The government wants “a balance between opening up this new right to the French people and the legitimate concerns of professionals”.
“The bill will result in human life being valued on its efficiency and utility, and increase pressure on the vulnerable”, religious leaders say.
The final law is passed despite the veto of the republic’s president. Half of the population is against, including Christian doctors.
Almost 3,000 people requested euthanasia in 2022. Most were over 70 and had terminal cancer, but 17% “were not expected to die in the foreseeable future”, says official report.
According to a report from the OPG, one year after its approval, the most common reason given for requesting assisted suicide is fear of existential suffering in the future.
The Portuguese Evangelical Alliance laments that there was neither a broad “philosophical, social and religious” conversation nor enough guarantees of “palliative and social care”. The parliament passed a third version of the text in December.
“The right to kill cannot become a supra-legislative rule, a constitutional right”, said organisers of the march for life.
Half of the population is against the law, including Roman Catholics and evangelical Christians.
Two Protestant groups underline the need for more palliative care, but differ in their evaluation of a recent National Ethics Committe report. A new law could be approved in 2023.
Christians agree that “suicide should not be seen as a normal form of dying in society”. A new law is expected before the end of 2022.
Assisted suicide is being discussed in the Parliament. “If assisted suicide became normal, that would have consequences”, MPs say. Christians support the proposal.
The Bill aims to allow assisted suicide for those over 75 who do not qualify to apply for euthanasia. “Government has a duty to protect its citizens”, Council says.
A report shows that there were 2,699 deaths from euthanasia in 2021, an increase of 10.39%. Most of them were performed at home to patients over 70.
A report compares suicide rates in countries where euthanasia is legal, with those where it is not. “Legalizing euthanasia will not help prevent suicide”, it says.
The law is expected to be passed in the next weeks. Evangelical churches express their total opposition.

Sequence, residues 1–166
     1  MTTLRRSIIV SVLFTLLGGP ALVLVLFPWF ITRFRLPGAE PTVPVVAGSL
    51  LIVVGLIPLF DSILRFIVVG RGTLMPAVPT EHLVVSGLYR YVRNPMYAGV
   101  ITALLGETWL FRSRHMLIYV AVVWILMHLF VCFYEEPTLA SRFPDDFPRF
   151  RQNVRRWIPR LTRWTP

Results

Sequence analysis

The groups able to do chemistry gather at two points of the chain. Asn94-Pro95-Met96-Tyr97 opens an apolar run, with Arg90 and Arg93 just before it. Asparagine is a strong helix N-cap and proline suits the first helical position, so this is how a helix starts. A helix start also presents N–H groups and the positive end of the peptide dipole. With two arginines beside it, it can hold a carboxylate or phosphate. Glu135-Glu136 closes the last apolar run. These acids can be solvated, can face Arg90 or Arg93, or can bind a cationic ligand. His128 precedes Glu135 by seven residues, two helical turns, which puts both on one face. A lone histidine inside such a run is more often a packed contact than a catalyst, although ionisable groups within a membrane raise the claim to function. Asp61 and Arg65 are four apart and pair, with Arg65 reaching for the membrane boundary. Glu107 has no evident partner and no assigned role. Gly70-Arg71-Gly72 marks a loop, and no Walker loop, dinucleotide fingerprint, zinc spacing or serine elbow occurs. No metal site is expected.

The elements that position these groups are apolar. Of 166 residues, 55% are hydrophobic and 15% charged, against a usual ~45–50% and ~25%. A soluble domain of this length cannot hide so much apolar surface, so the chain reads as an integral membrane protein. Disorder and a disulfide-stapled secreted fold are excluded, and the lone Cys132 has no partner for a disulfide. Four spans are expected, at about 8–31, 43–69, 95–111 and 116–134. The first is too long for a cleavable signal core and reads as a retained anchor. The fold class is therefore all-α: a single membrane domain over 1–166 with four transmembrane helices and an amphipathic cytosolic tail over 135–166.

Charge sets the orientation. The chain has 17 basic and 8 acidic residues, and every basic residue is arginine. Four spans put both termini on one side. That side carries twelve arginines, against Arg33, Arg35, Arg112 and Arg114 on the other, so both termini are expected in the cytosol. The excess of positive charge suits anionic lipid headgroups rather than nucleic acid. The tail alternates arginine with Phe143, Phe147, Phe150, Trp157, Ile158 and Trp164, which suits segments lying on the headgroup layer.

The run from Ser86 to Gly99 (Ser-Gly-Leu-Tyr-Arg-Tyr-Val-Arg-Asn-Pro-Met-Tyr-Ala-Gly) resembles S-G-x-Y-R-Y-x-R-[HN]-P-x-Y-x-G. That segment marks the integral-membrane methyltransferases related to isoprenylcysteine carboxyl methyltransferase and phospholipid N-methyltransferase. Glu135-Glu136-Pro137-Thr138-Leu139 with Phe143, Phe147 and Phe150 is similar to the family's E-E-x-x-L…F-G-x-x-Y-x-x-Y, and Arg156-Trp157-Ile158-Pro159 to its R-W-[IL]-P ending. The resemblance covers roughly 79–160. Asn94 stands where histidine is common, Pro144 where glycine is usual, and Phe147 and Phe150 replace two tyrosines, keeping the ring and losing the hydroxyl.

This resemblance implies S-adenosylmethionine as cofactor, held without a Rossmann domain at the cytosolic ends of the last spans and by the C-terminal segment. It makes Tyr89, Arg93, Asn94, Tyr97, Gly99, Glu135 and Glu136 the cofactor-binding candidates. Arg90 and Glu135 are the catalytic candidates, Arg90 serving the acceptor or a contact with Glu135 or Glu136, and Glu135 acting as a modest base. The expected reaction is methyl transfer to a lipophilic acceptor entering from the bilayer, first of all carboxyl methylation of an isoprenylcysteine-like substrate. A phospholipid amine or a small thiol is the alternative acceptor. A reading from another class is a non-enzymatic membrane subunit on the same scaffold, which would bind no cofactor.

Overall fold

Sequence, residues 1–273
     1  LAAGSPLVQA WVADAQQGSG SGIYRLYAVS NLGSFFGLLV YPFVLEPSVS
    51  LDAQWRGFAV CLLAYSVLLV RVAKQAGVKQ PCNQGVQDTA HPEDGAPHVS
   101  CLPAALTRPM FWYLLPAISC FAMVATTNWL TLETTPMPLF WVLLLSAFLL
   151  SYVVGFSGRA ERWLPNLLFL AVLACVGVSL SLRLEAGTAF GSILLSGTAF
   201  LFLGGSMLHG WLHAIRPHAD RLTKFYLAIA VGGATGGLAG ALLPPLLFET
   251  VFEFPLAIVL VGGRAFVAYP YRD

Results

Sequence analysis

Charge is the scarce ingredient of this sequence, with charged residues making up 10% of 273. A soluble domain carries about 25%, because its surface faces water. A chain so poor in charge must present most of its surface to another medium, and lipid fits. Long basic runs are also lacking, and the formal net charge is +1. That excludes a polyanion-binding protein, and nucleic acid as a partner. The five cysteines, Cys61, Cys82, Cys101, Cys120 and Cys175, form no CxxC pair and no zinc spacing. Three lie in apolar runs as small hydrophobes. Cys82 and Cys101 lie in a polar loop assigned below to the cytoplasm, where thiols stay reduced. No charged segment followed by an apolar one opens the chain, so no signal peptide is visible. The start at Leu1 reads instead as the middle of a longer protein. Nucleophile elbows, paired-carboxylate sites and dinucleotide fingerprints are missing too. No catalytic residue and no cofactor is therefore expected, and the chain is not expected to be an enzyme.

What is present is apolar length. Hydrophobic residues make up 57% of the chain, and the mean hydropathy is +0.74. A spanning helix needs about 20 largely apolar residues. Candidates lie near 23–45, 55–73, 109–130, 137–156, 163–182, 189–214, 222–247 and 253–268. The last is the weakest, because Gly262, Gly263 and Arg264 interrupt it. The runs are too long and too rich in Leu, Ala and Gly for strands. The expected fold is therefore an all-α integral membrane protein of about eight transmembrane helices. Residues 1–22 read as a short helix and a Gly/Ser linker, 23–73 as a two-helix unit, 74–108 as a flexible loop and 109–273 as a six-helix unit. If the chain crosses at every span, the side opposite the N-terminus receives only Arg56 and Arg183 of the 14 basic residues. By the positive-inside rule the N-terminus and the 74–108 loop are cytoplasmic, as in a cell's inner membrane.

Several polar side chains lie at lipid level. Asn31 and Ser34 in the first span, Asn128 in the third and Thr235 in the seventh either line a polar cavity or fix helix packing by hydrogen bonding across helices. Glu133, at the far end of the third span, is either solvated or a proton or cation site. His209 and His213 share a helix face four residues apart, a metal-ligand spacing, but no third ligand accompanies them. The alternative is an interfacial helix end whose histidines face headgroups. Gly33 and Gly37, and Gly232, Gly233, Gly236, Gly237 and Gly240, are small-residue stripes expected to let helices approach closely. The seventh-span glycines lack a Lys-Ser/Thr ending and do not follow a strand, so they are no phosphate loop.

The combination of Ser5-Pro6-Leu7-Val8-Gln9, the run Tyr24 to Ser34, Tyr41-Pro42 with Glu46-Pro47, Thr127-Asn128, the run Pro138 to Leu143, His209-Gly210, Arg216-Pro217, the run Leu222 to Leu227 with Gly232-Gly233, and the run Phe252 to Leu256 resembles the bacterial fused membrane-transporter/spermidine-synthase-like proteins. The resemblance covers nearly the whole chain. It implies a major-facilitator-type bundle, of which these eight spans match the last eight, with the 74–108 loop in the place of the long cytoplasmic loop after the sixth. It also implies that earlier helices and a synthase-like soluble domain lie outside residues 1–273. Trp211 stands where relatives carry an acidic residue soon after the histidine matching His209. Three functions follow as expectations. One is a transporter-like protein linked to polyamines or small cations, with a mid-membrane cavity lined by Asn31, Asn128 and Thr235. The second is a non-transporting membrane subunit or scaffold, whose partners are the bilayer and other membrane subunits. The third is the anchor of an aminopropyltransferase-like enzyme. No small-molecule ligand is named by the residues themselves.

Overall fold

The draft law is being debated in House of Lords. “Any change would threaten society’s ability to safeguard vulnerable patients from abuse”, doctors say.
“No one should wish to die due to lack of palliative care”, Spanish health workers say, while they denounce their “defencelessness”.
The Parliament passes the law with a majority of 198 votes. Dozens protested outside. Spain becomes the fourth European country and the sixth in the world to approve euthanasia.
Catholics, Anglicans, Jews, Muslims and Hindus presented a joint manifesto against the euthanasia law that could be passed by the Spanish Parliament in the next few weeks.
The amendments of the opposition parties have been rejected. “Such a sensitive issue needs a broad social and political consensus”, the Spanish Evangelical Alliance says.
A research of Christian think tank Theos, also shows that Londoners are “more conservative and civically engaged”, and “26% feel marginalised because of their beliefs”
The Constitution “includes a right to a self-determined death”, the court says. Protestant and Catholic leaders issued a joint statement lamenting the decision.
The draft law proposes euthanasia in a month for those with an incurable or disabling illness. Spanish evangelicals ask for “better palliative care and support for people in dependence”
“The very elderly who have had enough should be able to die when they choose”, said Pia Dijkstra, a member of the D66 party. European evangelicals have raised their voice against euthanasia.
The Spanish Evangelical Alliance says in a statement that the draft law is “in fact, an assisted legal suicide, wich does not respond to common situations of severe suffering”.